Will you rescue, enter my night
To draw me near’r to Thee?

Why? My God, why has thou forsaken me?
My enemies heap contempt scoffingly
My friends deny they know, abandon me
Leave me to hang on this tree
This I do for love.
That blessing may rain more fully
Descend in fire, alight as a dove,
Give them you, Hide them in me.

© Randall Edwards 2018.
This poem is for Christ’s church. If it is helpful, please feel free to copy or reprint in church bulletins, read aloud, or repost. I only ask that an attribution be cited to myself (Randall Edwards) and this blog (backwardmutters.com). Thanks.
Artwork: Gustave Doré [Public domain], via Project Gutenberg.

Your Word Unlocks

Your Word Unlocks

This sonnet is loosely based on Psalm 119:129-144. Much of my meditating has come from the line in verse 129 which reads, “Your testimonies are wonderful”. The “wonderful” is akin to the meaning of supernatural. When received, good news is wonderful. It is this amazement that I attempt to contrast with the troubles the psalmist expresses and my own.

If it’s helpful, you may listen to me read the sonnet via the player below.

Your word unlocks, runs straight, is just and right;
It cuts to the heart and pierces the night.
Strong and stable, firmness to rest upon
Is your word, the promise I depend on.

I am small and despised; my enemy knows
I am but a breath, can be felled with blows:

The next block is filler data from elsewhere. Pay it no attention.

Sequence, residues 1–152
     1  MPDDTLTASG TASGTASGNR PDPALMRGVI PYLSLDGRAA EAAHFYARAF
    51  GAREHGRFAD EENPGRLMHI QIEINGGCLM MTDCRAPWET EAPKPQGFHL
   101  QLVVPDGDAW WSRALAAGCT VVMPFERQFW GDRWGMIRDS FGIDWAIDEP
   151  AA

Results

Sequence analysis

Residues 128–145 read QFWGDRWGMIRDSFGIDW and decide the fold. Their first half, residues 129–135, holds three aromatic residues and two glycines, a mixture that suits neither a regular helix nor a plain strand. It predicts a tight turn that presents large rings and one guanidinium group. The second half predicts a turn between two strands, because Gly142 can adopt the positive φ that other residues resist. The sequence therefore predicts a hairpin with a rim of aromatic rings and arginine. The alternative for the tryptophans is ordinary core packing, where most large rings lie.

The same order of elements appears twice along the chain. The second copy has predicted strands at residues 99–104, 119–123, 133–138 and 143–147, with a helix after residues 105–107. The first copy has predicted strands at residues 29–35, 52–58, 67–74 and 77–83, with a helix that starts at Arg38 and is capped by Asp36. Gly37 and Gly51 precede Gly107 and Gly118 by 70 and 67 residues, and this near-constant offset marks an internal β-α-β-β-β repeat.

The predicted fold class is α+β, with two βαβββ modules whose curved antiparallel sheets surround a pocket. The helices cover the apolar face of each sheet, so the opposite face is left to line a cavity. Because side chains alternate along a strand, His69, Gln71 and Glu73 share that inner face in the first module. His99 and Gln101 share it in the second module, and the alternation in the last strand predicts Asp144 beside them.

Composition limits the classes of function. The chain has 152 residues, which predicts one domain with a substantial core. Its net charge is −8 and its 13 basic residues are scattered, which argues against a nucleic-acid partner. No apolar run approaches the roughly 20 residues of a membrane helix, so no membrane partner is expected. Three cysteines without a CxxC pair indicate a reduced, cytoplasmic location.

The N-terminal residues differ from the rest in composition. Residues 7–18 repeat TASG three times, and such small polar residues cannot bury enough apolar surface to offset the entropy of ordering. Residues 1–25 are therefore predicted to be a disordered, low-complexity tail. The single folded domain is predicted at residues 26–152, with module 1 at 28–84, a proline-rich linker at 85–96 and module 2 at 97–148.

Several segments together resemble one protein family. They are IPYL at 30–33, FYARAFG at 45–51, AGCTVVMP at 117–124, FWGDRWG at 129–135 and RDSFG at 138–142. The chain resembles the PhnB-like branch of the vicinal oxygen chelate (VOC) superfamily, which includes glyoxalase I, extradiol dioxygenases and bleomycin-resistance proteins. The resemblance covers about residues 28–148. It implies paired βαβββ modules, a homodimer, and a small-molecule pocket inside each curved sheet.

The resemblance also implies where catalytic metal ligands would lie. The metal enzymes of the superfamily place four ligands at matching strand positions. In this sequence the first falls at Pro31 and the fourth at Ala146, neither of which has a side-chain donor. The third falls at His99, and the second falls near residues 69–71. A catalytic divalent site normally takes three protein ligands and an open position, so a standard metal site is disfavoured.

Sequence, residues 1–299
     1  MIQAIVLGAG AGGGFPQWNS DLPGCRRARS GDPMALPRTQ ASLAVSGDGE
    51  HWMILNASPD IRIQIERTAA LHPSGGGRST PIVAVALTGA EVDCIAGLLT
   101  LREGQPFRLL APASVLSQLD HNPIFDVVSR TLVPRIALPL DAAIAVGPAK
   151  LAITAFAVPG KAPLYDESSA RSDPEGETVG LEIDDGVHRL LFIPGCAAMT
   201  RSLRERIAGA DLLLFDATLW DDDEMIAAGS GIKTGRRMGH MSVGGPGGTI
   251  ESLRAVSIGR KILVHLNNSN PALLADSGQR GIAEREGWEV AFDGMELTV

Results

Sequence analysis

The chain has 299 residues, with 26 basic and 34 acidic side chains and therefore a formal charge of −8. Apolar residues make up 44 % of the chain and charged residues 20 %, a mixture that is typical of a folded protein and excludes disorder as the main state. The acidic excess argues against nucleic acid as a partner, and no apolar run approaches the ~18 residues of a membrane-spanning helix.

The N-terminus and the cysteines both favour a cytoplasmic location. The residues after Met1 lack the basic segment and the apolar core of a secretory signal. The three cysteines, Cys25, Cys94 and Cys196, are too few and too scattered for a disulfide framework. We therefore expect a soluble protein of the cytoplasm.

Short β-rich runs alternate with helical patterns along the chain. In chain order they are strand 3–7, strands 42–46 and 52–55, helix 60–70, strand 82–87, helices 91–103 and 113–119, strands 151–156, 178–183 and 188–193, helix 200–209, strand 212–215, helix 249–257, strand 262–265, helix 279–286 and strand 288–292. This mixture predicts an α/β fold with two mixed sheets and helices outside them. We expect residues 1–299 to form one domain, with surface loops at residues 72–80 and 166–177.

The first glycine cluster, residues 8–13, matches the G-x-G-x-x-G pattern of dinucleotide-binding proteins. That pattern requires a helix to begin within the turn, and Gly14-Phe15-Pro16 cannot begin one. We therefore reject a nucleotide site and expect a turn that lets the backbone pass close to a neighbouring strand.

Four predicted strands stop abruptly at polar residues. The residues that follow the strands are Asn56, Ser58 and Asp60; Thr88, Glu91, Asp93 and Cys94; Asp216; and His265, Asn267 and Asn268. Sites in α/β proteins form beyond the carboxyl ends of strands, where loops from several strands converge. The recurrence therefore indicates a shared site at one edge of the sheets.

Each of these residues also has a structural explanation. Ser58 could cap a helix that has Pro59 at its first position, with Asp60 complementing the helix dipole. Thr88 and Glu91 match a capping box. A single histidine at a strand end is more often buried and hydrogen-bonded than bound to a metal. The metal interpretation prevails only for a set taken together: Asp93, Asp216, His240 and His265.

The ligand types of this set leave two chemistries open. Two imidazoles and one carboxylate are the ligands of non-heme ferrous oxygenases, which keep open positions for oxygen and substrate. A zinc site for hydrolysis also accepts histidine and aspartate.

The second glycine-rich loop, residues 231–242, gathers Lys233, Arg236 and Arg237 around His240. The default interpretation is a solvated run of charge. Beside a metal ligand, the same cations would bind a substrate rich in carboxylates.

A roll of the eye, a sigh, fuels the shame
Of my thirst for the draughts of praise and fame.

But you redeem the fear-of-failure’s slave,
Steal sin’s sting and the victory of the grave;
Your light beckons, draws me into the day
Sets me to walk in the steps of your way.

I wonder is that word too good? Can it be?
The Word cries, “It is finished!” Bids, “Follow me.”

© Randall Edwards 2018.
This poem is for Christ’s church. If it is helpful, please feel free to copy or reprint in church bulletins, read aloud, or repost. I only ask that an attribution be cited to myself (Randall Edwards) and this blog (backwardmutters.com). Thanks.

Artwork: James Tissot (French, 1836-1902). The Woman with an Issue of Blood (L’hémoroïsse), 1886-1896. Opaque watercolor over graphite on gray wove paper, Image: 11 x 7 1/16 in. (27.9 x 17.9 cm). Brooklyn Museum, Purchased by public subscription, 00.159.111 (Photo: Brooklyn Museum, 00.159.111_PS2.jpg). No copyright restrictions.

With a Whisper

With a Whisper

This sonnet founds its start with Psalm 119:113-128 epecially verse 114 which reads, “You are my hiding place and my shield.” The image of the Lord as a hiding place immediately drew me to the accounts of Moses and Elijah at Horeb. I was drawn further into 1 Kings 19 as I considered the double-minded and evil doers that the psalmist in Psalm 119 encounters.